Gastelum closed the distance in the beginning of the fourth frame, pressing his foe against the cage. Cannonier was able to push against the face of Kelvin to get the space he needed to return to the center of the Octagon. Gastelum was pressing, but was eating hard shots as he moved forward to land his own. It looked as if he was knocked down again, but the broadcast stated that the punch landed on his shoulder, and was not a knockdown.
Cannonier was trying to snipe Gastelum in the final frame. When Kelvin would close the distance, Jared would look to cut him off with some leather to the face. Gastelum changed levels for the takedown, but Cannonier refused to concede the position. Gastelum kept pressuring and trying for the takedown, but Cannonier just wouldn’t let that happen.
Mark O. Madsen def. Clay Guida by split decision (30-27, 29-28, 28-29) : Lightweight
Guida opened the match with a set of calf kicks that went unblocked. Madsen clinched up and delivered a few knees to the midsection. Clay broke free and staggered Madsen with a right hand, but the former Olympian went right back to work. He clinched up again and pushed Guida’s body with more piercing knees. Guida fought hard to not stay inside of the clinch for very long.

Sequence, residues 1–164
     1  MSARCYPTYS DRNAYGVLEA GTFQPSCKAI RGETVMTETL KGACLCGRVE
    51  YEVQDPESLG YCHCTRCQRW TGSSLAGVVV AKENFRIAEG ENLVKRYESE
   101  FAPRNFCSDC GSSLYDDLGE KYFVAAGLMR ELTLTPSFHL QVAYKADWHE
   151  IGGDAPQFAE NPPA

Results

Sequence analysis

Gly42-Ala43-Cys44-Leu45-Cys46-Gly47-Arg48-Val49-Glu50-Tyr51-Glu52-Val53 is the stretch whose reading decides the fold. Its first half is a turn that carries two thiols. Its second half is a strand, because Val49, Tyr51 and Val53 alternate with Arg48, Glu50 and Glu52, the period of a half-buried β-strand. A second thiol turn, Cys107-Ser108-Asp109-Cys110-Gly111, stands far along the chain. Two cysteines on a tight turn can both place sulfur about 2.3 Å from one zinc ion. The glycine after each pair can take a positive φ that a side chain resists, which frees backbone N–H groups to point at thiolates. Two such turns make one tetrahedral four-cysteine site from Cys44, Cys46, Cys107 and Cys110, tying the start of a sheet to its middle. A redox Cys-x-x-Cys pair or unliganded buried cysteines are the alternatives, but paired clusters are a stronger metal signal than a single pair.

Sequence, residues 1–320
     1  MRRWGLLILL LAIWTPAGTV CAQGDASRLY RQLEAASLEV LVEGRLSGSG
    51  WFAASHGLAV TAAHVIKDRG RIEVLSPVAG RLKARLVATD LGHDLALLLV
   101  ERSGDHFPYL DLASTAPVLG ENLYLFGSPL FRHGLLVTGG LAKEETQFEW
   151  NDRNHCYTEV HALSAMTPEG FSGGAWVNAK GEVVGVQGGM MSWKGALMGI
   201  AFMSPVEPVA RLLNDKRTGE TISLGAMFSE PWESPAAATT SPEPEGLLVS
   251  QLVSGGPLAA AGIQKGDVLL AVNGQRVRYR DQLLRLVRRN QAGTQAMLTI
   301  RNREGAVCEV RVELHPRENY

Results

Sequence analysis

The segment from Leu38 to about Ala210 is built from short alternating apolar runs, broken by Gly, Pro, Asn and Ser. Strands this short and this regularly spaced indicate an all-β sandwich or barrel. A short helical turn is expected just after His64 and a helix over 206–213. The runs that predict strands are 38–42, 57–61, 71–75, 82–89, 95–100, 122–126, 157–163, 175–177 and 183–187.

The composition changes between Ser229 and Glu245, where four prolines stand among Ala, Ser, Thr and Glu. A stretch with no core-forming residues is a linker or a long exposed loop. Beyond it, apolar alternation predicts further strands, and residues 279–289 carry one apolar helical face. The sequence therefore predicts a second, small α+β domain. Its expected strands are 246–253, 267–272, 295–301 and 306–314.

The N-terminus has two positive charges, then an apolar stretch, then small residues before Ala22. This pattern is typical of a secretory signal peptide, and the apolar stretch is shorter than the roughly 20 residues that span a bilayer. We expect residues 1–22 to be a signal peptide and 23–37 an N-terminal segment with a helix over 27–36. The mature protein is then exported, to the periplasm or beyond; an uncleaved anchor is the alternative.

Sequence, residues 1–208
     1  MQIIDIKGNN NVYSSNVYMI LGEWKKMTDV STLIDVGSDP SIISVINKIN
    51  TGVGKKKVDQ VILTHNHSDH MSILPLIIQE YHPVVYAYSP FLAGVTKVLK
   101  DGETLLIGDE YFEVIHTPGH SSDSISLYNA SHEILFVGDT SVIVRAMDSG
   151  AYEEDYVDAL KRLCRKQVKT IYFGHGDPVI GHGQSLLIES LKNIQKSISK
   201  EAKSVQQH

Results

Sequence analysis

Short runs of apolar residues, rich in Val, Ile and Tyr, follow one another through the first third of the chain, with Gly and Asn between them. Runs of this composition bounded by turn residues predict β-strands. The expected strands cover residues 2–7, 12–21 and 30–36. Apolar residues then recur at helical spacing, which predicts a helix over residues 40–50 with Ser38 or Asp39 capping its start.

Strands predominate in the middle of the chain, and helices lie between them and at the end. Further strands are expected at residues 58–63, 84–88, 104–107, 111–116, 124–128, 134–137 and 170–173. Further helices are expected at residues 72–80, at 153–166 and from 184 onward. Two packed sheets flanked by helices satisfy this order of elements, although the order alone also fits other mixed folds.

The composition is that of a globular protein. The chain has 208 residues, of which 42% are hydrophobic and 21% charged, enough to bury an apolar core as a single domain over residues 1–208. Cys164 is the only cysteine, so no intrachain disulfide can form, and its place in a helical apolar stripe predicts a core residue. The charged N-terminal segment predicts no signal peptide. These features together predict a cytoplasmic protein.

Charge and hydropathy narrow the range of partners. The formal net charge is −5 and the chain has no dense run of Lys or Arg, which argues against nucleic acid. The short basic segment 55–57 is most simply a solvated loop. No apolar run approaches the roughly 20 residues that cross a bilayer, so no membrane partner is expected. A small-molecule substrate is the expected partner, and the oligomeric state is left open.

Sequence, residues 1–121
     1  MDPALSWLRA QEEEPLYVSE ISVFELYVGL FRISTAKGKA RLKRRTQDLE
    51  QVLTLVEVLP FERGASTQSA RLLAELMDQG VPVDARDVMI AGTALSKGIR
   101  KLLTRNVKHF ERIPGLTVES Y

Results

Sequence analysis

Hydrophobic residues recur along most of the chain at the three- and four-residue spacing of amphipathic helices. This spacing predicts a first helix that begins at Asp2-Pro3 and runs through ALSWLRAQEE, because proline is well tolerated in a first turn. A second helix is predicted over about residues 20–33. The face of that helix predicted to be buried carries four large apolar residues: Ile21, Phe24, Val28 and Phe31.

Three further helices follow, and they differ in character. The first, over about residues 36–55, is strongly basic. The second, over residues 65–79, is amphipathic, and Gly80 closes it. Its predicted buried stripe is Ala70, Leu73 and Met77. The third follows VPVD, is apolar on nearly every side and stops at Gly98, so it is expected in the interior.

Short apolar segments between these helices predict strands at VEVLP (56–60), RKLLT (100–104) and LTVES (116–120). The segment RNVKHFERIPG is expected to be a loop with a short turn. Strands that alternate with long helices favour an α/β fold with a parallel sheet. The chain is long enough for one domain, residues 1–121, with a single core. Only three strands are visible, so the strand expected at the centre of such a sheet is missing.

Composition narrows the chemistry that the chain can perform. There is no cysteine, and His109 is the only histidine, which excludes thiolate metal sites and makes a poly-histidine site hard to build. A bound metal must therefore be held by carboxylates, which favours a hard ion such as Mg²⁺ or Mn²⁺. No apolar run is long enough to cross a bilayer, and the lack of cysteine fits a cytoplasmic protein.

Guida stuffed a shot to open the second act, and then cracked off a couple of low calf kicks. When Madsen would close the distance, Guida would throw a heated flurry of punches to back him off. Guida was turning up, landing his punches and kicks, while Madsen was becoming increasingly stationary.
The final act had Madsen taking the center behind his jab, with Guida still kicking at the leg. Madsen would close the distance, and as Clay would escape, Mark would chase him down with strikes. Guida kept attacking the leg but wasn’t getting the results he wanted. Madsen pushed the action down the stretch.